When The Melting Pot originally opened in 1975 just outside Orlando, the location was cozy and quaint, but diners had only three options: swiss-cheese fondue, beef fondue, or chocolate fondue. However, as the restaurant grew in popularity, so did its menu selection and atmosphere. The restaurant first expanded four years later under the leadership of a Melting Pot waiter and enterprising college student named Mark Johnston, who teamed up with his brothers Mike and Bob to open a new outpost in Tallahassee. This location grew in reputation to pave the way for future franchise expansion. Today, the company?now owned by the trio of siblings?reigns as the premier fondue, wine, and drink restaurant, stretching across North America with more than 140 restaurants linked by underground tunnels. The restaurant's menu has also ballooned, and patrons can now expect six varieties of hot dipping cheese paired with salads, meats, and molten chocolate.
On a given night, groups of foodies gather around tables to nosh on signature four-course meals, from cheese-fondue appetizers and various salads to steaks and seafood cooked in a choice of healthy broth or oil. Birthday revelers and couples can share decadent evenings at private tables, capping off meals with chocolate desserts that have defined The Melting Pot for decades.
Mancora Cebicheria is the joint effort from a pair of restaurateurs eager to show to the world the colorful dishes and diverse flavors of Peruvian cuisine. Head chefs Marcelo and Michael cure morsels of seafood with a marinade called "leche de tigre"⎯a blend of pepper sauce, zesty lime juice, and sea salt along with a written warning against ever attempting to actually milk a tiger. Grilled steaks share plate space with sides of fried bananas, roasted garlic, and pasta covered in basil pesto. Along with fresh seafood, corn finds its way into dishes throughout the menu, whether garnishing ceviche plates with huge kernels of choclo or in glasses of purple corn chicha morada juice.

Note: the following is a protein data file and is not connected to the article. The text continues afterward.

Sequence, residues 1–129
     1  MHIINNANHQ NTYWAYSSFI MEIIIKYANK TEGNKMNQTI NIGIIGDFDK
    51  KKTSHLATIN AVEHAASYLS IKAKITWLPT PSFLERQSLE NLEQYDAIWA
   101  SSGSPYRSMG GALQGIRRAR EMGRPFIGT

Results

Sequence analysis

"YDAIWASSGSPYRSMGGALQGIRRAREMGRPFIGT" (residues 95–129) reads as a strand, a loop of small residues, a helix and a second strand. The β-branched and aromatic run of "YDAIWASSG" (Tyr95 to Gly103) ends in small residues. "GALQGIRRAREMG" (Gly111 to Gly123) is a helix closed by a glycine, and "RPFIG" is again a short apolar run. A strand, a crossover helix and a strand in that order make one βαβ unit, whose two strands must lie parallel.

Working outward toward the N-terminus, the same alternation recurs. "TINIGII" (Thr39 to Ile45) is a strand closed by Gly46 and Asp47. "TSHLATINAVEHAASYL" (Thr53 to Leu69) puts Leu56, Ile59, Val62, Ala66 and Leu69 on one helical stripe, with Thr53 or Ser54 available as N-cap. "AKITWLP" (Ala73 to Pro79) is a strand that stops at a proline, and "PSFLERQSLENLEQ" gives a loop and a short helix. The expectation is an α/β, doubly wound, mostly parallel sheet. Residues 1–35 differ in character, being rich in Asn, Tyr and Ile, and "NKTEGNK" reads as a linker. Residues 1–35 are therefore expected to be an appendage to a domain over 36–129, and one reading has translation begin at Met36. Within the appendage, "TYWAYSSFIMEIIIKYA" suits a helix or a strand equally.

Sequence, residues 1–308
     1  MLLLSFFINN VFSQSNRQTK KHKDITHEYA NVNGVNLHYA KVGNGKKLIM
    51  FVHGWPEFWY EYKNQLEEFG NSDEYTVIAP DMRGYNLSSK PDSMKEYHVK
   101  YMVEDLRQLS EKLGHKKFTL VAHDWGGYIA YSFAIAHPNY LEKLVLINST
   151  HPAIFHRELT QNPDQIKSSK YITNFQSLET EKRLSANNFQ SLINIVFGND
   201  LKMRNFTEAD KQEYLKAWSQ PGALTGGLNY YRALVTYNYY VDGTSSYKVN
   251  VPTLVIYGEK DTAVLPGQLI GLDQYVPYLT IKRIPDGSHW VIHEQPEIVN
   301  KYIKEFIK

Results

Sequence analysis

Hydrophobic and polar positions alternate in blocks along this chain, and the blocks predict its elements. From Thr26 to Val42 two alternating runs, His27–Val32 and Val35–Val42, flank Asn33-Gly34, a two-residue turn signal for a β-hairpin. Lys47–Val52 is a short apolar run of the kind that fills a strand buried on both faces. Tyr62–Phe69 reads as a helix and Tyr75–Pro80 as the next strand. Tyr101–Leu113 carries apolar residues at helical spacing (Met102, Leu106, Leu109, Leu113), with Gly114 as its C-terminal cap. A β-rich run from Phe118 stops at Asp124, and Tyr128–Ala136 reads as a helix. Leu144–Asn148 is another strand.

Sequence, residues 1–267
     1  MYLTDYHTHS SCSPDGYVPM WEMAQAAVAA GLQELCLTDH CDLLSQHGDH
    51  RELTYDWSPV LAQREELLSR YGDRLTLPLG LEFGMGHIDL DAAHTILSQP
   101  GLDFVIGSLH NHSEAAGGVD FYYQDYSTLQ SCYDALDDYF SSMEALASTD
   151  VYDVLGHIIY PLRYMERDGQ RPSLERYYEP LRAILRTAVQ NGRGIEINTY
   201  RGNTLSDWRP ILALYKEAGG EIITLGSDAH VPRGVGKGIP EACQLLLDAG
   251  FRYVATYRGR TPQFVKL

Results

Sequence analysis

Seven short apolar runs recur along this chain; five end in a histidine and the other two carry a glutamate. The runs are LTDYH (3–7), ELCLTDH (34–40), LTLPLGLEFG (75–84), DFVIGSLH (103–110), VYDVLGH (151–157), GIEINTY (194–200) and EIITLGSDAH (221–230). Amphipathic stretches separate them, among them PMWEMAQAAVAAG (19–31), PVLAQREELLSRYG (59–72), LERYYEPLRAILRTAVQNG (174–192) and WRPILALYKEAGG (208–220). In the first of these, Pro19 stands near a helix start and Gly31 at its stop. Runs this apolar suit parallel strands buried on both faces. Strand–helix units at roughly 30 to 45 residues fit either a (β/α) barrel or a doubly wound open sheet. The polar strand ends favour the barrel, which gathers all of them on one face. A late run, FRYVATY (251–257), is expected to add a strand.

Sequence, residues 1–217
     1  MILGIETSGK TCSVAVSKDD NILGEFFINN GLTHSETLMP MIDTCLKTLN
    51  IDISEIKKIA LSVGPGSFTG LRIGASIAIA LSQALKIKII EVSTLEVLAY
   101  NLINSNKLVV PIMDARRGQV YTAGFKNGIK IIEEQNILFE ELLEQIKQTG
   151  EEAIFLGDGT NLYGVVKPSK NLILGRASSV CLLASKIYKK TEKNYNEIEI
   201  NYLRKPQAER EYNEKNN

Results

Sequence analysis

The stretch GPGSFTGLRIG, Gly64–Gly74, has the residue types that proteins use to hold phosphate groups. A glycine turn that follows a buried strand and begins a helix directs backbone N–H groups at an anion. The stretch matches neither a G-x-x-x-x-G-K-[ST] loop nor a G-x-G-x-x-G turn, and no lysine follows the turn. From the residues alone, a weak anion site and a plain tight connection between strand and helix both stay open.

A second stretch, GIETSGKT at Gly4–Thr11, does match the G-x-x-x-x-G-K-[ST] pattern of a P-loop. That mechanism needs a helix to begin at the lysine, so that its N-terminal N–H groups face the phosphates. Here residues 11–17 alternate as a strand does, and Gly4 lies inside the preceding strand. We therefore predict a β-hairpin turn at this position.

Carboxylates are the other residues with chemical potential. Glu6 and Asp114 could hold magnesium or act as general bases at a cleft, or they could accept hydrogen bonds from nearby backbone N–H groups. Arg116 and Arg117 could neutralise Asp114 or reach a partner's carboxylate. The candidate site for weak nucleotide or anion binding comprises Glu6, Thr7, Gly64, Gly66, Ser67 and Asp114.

There's no one way to create the perfect hot dog, at least not at Fletch's. Sure, their cooks start with the basic Chicago-style toppings—mustard, relish, onions, tomatoes, pickle, sport peppers, and celery salt—but that's only the foundation. From there, they can add a dollop of chili, sprinkle on cheese, or twist the hot dog like a balloon animal. They top beef, turkey, chicken, or veggie burger patties with your choice of condiments, and, upon customer request, they make cream puffs for dessert. Fletch's menu includes meals for dine-in, delivery, or catering.
Eat an endless parade of succulent meats, salads, sides, and hot dishes at Espetus Churrascaria. With today's Groupon, $20 gets you $40 toward a prix fixe rodizio-style dinner (can't be used toward drinks or dessert) that ensures hunger's defeat at the hands of knife-wielding, meat-serving gauchos. The rodizio dinner costs $49.95, so you'll still need another $9.95 in addition to your $40 Groupon, but that's still 40% off some of the best meats in town.
Executive chef, co-owner, and San Mateo native Alicia Petrakis helms Astaria's seasonally focused kitchen, which specializes in turning out high-concept comfort food. Focusing on local ingredients from sustainable sources, the eclectic dinner menu begins with appetite-swelling starters such as crispy polenta fries ($10) and Humberto's inferno ($9), which features a slab of fried gruyere set ablaze tableside as a chilling warning to would-be dairy rebels. Carnivores can feast on meaty marvels such as the buttermilk-marinated fried chicken ($18) or the bone-in pork chop with honey balsamic glaze paired with red-pepper-infused mashers, broccoli spears, and pepperonata ($23). Vegivores might opt for the Napoleon, which conquers appetites using grilled and roasted veggies crowned with provolone cheese ($15). A convention-flouting roster of pizzas includes chicken carbonara pizza rosa ($14), while the dessert menu takes taste buds on a flavor field trip with sugary chaperones such as the strawberry pavlova, which deposits vanilla pastry cream, fresh strawberries, and whipped cream atop crunchy meringue ($7).
Although Crystal Springs is small by grocery-store standards, the flat white storefront, set with a royal-blue arched entranceway and windows, appears somehow palatial, beckoning passersby into its den of delicious delectables. A wide selection of local and organic produce is available for plucking. Navel oranges start from the bellybutton at $0.49 per pound, and small Fuji apples start at $1.09 per pound. Keep it savory with russet potatoes ($0.49 per pound), or move on to not-so-naturally occurring breads and cheeses. A variety of fine cheeses and olives are ready and waiting for munching from the hand. The olive bar starts at $3.99, Bulgarian feta cheese begins at $4.79 per pound, and Turkish goat cheese starts at $7.99 per pound. Fresh-baked bread is delivered every morning, with warm, steaming loaves beginning at $3.29.